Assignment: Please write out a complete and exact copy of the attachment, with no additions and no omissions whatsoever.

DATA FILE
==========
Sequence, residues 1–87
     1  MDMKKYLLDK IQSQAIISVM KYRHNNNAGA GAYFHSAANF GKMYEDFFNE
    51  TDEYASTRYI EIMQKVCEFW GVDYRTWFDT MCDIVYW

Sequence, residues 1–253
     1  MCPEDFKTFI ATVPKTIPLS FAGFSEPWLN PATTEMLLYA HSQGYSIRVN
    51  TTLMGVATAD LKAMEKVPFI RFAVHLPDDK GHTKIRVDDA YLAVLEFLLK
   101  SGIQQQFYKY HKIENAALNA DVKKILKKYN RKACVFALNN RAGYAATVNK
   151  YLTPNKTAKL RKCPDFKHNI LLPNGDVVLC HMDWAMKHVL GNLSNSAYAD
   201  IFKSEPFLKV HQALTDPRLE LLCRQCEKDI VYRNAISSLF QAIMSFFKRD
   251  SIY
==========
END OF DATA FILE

Sequence, residues 1–87
     1  MDMKKYLLDK IQSQAIISVM KYRHNNNAGA GAYFHSAANF GKMYEDFFNE
    51  TDEYASTRYI EIMQKVCEFW GVDYRTWFDT MCDIVYW

Sequence, residues 1–253
     1  MCPEDFKTFI ATVPKTIPLS FAGFSEPWLN PATTEMLLYA HSQGYSIRVN
    51  TTLMGVATAD LKAMEKVPFI RFAVHLPDDK GHTKIRVDDA YLAVLEFLLK
   101  SGIQQQFYKY HKIENAALNA DVKKILKKYN RKACVFALNN RAGYAATVNK
   151  YLTPNKTAKL RKCPDFKHNI LLPNGDVVLC HMDWAMKHVL GNLSNSAYAD
   201  IFKSEPFLKV HQALTDPRLE LLCRQCEKDI VYRNAISSLF QAIMSFFKRD
   251  SIY